Efficient isolation of trusted subsystems in embedded systems - Embedded.com

Efficient isolation of trusted subsystems in embedded systems

Many embedded systems have relatively strong security requirements because they handle confidential data or support secure electronic transactions.

A prototypical example are payment terminals.To ensure that sensitive data such as cryptographic keys cannot leak, security-critical parts of these systems are implemented as separate chips,and hence physically isolated from other parts of the system.

But isolation can also be implemented in software. Higher-end computing platforms are equipped with hardware support to facilitate the implementation of virtual memory and virtual machine monitors. However many embedded systems lack such hardware features.

In this paper, we propose a design for a generic and very lightweight hardware mechanism that can support an efficient implementation of isolation for several subsystems that share the same processor and memory space.

A prototypical application is the software implementation of cryptographic support with strong assurance on the secrecy of keys, even towards other code sharing the same processor and memory. Secure cohabitation of code from different stakeholders on the same system is also supported.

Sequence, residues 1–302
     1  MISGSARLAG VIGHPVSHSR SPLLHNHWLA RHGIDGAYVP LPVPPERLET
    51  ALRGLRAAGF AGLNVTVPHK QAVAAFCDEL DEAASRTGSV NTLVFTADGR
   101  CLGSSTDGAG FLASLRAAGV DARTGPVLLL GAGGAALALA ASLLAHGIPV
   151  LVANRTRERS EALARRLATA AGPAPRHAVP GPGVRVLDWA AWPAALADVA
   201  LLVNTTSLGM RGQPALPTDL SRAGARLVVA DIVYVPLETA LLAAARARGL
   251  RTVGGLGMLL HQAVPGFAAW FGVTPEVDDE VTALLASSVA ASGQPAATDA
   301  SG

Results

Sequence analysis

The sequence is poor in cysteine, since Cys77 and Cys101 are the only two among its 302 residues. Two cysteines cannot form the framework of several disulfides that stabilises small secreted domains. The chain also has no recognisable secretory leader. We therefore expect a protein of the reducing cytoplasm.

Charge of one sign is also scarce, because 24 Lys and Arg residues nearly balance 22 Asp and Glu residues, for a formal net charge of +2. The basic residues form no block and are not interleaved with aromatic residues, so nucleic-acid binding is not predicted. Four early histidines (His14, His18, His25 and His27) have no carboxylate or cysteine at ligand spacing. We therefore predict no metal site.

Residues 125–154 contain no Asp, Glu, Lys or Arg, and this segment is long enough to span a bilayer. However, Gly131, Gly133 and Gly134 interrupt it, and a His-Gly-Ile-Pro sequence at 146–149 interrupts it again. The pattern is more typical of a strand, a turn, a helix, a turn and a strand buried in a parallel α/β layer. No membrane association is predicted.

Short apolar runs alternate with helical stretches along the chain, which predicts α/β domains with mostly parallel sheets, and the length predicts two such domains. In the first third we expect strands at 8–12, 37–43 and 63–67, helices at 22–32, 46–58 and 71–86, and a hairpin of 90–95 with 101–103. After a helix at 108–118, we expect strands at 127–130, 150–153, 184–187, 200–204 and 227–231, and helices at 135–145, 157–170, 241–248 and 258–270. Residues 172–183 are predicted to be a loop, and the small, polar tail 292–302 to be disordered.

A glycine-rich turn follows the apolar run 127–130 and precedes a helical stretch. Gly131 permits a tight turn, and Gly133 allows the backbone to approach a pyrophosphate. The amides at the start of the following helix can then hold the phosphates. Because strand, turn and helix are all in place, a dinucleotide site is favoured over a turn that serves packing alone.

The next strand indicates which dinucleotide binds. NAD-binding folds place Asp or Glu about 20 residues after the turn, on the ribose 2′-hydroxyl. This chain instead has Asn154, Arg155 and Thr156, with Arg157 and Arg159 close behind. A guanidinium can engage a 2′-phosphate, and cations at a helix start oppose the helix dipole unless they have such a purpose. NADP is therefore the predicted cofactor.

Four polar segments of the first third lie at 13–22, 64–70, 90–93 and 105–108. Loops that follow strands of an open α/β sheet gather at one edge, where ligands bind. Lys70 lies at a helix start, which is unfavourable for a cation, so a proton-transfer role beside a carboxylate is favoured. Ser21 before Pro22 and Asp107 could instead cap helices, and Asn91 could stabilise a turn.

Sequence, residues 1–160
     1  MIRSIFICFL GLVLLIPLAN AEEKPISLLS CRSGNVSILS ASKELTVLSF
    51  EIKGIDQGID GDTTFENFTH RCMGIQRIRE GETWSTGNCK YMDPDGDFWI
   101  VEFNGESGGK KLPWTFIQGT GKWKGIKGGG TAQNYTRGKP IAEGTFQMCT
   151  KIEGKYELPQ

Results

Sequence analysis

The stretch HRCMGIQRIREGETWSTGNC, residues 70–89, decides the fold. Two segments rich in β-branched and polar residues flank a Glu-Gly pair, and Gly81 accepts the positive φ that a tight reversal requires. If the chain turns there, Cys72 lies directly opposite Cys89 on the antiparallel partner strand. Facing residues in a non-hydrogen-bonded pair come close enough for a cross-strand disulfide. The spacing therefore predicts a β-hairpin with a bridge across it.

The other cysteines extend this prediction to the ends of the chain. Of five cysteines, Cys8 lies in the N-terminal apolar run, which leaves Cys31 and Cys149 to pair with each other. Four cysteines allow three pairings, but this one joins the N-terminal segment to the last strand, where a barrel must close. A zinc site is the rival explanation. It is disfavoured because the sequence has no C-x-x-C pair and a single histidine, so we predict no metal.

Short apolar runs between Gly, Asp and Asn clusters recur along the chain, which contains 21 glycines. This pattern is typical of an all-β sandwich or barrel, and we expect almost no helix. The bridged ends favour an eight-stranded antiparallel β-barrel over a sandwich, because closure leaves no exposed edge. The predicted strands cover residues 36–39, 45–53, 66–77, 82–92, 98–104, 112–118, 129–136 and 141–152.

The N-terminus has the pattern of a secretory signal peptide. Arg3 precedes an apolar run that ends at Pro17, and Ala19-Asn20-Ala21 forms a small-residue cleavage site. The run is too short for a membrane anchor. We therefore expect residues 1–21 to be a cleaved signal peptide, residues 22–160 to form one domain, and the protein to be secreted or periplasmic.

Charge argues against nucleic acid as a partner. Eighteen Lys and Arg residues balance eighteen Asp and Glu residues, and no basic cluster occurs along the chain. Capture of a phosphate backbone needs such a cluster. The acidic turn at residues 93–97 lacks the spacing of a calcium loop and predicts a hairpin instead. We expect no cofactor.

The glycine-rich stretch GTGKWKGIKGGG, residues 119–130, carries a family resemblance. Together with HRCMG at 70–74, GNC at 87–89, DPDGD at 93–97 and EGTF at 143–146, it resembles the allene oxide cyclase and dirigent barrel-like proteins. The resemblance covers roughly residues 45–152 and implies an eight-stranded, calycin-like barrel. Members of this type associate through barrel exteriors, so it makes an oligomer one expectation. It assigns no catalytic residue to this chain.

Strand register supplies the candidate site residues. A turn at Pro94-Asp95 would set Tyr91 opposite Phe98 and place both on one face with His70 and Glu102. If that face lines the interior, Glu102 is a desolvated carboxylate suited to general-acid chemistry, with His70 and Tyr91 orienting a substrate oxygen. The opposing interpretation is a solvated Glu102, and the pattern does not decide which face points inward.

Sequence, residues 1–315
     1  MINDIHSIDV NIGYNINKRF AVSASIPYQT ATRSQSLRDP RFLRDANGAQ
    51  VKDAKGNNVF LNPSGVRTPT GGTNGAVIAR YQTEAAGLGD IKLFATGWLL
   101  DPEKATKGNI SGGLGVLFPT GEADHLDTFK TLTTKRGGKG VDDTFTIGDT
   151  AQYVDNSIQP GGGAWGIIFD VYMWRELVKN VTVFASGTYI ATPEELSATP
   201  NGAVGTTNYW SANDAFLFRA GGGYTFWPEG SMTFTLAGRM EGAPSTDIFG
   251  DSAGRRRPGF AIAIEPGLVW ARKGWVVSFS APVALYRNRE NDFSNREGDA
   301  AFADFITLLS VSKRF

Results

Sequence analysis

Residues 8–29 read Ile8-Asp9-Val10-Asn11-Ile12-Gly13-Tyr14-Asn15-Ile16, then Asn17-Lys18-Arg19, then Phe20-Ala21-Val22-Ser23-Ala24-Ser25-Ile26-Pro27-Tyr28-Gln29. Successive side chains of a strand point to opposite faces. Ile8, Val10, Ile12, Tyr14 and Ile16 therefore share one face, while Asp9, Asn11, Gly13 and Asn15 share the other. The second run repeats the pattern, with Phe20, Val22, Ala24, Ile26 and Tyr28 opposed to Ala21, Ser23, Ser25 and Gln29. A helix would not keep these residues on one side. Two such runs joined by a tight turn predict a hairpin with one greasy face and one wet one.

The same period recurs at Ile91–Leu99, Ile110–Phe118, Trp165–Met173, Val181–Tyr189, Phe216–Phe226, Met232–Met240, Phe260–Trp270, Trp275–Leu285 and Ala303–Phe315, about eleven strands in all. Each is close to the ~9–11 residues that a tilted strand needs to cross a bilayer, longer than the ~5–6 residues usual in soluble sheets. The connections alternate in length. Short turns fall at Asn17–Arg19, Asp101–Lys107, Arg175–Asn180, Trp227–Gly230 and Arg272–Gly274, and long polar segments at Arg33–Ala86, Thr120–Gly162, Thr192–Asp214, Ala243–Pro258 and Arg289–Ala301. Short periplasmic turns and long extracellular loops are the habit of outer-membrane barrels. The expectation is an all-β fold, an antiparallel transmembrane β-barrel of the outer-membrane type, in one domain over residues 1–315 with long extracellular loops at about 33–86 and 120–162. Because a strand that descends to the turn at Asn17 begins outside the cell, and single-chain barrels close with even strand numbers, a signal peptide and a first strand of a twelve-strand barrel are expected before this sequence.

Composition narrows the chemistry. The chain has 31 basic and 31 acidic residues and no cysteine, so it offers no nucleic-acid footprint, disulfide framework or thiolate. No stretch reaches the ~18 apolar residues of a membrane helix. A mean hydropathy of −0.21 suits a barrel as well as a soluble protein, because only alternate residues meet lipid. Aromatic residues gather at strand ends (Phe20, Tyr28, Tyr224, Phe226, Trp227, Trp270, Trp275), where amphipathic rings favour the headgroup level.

This paper proposes self-protecting modules (SPM): based on a minimal formof hardware support for memory access control.

We show how trusted subsystems can share the same processor and memory space, while still maintaining strong security properties including strong isolation guarantees between two such subsystems, and high assurance on the confidentiality of subsystem-private data. More specifically, the contributions of this paper are the following:

1. A novel memory access control model, where access to memory locations canalso depend on the value of the program counter,

2. Based on this access control model, the design of self-protecting modules, essentially software modules that can provide strong security guarantees both for the data they handle as well as for how they can be invoked by other modules,

3. A proof sketch of the security of this design, and,

4. A discussion of several application examples.

To read this external content in full, download the complete paper from the author archives online.

Leave a Reply

This site uses Akismet to reduce spam. Learn how your comment data is processed.